2. Section 1252(b) and Section 1252(b)(9)

This court finds that § 1252(b) does not divest this court of jurisdiction over Petitioners' collateral challenges to their detention. Section 1252(b) applies to a "review of an order of removal" under § 1252(a)(1). 8 U.S.C. § 1252 (b). The clear language of Section 1252(b)(1) demonstrates that it applies to final orders of removal, stating that petitions "must be filed not later than 30 days after the date the final order of removal." 8 U.S.C. § 1252 (b)(1). District courts do not have jurisdiction over final removal orders. Rather, challenges to final removal orders are to be filed with the court of appeals for the judicial circuit "in which the immigration judge completed the proceedings." 8 U.S.C. § 1252 (b)(2).

Respondents rely on § 1252(b)(9), a section that has been referred to as an "unmistakable zipper clause," i.e., that § 1252(b)(9) regulates jurisdiction where no other specific provision applies. Reno v. American-Arab Anti-Discrimination Committee, 525 U.S. 471, 119 S.Ct. 936, 943, 142 L.Ed.2d 940 (1999). Pespondents maintain that 8 U.S.C. § 1252 (b)(9) repeals this court's jurisdiction. Section 1252(b)(9) states that:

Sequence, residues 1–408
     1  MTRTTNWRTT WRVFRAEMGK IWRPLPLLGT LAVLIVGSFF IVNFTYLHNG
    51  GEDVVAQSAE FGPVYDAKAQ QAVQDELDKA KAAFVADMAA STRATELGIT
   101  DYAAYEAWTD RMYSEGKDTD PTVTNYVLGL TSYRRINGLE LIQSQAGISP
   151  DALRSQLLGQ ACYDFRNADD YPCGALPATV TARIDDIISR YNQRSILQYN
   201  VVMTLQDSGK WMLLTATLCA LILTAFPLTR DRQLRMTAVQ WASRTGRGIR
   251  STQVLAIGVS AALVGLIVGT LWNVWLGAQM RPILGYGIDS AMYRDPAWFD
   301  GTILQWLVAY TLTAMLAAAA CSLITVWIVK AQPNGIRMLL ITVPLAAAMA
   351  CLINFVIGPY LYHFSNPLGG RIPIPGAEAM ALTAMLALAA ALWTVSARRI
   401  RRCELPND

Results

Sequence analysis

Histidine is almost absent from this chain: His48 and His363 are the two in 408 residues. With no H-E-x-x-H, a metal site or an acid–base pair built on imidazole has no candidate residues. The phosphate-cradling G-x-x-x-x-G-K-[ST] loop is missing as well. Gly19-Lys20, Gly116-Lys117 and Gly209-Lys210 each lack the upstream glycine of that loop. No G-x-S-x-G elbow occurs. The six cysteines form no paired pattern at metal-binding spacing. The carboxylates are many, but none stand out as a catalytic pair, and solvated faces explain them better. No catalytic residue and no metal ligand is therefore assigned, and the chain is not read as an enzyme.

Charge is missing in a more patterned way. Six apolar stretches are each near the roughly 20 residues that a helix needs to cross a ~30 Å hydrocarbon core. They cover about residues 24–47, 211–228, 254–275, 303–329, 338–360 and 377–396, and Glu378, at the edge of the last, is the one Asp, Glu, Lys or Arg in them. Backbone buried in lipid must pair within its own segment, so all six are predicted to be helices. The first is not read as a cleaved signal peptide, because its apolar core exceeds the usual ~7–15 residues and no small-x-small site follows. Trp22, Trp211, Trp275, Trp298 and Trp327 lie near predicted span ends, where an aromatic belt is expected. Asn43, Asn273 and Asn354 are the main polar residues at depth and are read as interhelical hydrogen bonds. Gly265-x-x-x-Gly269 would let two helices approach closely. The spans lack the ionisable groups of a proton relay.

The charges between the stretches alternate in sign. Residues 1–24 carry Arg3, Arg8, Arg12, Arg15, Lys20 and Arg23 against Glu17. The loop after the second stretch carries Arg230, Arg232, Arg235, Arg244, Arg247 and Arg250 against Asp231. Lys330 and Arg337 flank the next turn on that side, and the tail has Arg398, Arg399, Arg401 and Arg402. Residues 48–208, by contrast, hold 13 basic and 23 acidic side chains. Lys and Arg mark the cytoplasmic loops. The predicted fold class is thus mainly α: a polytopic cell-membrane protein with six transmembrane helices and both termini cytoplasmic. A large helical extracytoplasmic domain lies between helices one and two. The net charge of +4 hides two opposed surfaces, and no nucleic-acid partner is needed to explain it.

Judicial review of all questions of law and fact, including interpretation and application of constitutional and statutory provisions, arising from any action taken or proceeding brought to remove an alien from the United States under this subchapter shall be available only in judicial review of a final order under this section. 8 U.S.C. § 1252 (b)(9) (emphasis added).